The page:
In the native fold of the SH3 domain (Figure 4), the two‐ and three‐stranded sheets have their strands at right angles, but fibre‐diffraction studies show that the strands must all be 90 ± 5° to the axis of amyloid fibrils (Blake and Serpell, 1996). The axial subunit repeat in the fibrils is ∼27 Å, a distance consistent with a five‐stranded unit in the cross‐β‐structure. This suggests a number of simple ways to model the SH3 β‐strands into the protofilament structure, assuming that after assembly into the fibril the strands are in regions of the polypeptide chain similar to those in the native structure. For example, each molecule could be incorporated into a single sheet or each molecule could contribute two‐ or three‐stranded sheets to both members of a pair of sheets within a protofilament or to sheets in adjacent protofilaments. These models all generate dimers with two five‐stranded β‐sheets and the last two are similar to a domain‐swapping mechanism (Schlunegger et al., 1997). The fibrils are sometimes seen to split into two thin sub‐fibrils. This suggests that individual polypeptide chains could contribute β‐strands to each member of a pair of protofilaments. Non‐covalent interactions would then provide the bonds assembling the adjacent sub‐fibrils into the double‐helical structure determined in this work. All three of the suggested strand arrangements are consistent with the observed dimensions of the protofilaments and a five‐stranded axial repeat as described above. We do not have any additional evidence from this study which would allow us to discriminate between them or rule out other organizations of the polypeptide chains within the fibrils.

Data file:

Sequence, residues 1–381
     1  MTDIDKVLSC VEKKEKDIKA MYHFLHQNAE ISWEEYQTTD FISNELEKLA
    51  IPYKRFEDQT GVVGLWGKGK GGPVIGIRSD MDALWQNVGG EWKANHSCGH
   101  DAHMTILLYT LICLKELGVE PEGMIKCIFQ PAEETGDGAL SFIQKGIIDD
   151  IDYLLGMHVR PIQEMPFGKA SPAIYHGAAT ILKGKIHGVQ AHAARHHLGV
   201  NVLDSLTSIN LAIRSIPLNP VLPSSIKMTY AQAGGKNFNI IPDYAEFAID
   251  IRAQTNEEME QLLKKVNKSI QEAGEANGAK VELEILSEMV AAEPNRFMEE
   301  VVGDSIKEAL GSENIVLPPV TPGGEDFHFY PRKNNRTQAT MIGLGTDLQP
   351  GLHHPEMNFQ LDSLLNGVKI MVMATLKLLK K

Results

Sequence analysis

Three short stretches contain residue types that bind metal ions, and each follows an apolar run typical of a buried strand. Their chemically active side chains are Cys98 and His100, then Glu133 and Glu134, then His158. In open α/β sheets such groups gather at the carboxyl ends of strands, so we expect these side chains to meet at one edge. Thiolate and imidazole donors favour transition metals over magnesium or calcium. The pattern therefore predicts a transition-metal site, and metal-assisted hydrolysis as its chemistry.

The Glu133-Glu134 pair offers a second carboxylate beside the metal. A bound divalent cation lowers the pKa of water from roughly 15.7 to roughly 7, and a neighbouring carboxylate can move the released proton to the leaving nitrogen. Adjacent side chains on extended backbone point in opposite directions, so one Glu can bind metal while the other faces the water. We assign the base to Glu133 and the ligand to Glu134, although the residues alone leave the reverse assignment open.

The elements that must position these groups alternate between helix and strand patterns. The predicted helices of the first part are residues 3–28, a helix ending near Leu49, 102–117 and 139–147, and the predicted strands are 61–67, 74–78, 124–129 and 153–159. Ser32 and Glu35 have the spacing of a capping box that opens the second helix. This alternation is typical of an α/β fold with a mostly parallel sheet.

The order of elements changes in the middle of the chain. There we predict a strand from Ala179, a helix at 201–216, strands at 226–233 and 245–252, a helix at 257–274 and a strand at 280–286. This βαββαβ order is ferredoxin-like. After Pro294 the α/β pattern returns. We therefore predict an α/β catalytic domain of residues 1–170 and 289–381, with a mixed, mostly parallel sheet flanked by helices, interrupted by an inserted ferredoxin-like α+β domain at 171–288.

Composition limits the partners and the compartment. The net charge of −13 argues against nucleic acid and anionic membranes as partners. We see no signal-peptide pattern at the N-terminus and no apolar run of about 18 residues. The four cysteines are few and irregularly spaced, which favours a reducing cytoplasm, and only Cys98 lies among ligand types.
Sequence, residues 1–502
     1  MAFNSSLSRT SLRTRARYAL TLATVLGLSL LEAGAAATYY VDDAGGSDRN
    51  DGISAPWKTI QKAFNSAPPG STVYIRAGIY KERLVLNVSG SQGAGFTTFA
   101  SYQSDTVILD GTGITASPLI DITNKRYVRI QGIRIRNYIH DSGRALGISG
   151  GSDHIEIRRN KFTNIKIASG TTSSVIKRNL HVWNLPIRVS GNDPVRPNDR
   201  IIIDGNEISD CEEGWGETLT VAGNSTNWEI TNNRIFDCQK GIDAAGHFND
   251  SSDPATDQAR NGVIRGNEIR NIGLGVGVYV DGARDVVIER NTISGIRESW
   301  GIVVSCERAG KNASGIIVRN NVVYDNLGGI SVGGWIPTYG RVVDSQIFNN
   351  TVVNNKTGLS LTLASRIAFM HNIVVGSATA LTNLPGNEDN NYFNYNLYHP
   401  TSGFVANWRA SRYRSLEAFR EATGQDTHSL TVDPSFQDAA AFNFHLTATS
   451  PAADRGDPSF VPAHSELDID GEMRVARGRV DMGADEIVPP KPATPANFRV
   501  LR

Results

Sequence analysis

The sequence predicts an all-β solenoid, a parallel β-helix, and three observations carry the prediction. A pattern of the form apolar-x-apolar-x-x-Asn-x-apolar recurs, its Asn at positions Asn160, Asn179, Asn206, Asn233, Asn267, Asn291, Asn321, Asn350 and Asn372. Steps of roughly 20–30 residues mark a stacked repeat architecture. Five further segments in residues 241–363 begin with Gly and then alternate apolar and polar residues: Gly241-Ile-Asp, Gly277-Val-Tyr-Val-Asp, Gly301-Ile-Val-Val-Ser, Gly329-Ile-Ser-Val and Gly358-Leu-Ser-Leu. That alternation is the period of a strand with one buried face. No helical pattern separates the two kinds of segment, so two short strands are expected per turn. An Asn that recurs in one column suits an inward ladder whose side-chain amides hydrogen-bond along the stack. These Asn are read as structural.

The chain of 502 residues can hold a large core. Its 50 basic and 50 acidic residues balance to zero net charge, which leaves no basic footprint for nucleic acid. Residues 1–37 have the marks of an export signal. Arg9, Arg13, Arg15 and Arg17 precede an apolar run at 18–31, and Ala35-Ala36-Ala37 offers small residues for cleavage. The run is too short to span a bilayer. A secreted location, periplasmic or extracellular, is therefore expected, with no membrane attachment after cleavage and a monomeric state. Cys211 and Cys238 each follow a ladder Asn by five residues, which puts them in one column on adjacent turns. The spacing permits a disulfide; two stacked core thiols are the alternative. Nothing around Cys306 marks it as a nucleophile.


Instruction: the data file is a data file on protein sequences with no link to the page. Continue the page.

On the basis of the cryo‐EM map and the cross‐β‐structure implied by fibre diffraction, it is possible to construct a model of a rearranged SH3 structure which can be fitted into the EM density of the whole fibril. This is shown in Figure 5 alongside a doubly contoured view of the fibril‐density map showing the outer surface as green wire mesh and the higher density protofilaments as blue rendered surfaces. In the model, each protofilament contains a pair of flat β‐sheets. The short and long loops connecting the strands are of the right size range to provide the contacts between adjacent protofilaments and to give rise to the diffuse density in the protruding edges of the structure. The visible subunit repeat comes mainly from these edge regions. The surface contour level (mean + 3σ) encloses a volume consistent with the proposed molecular packing.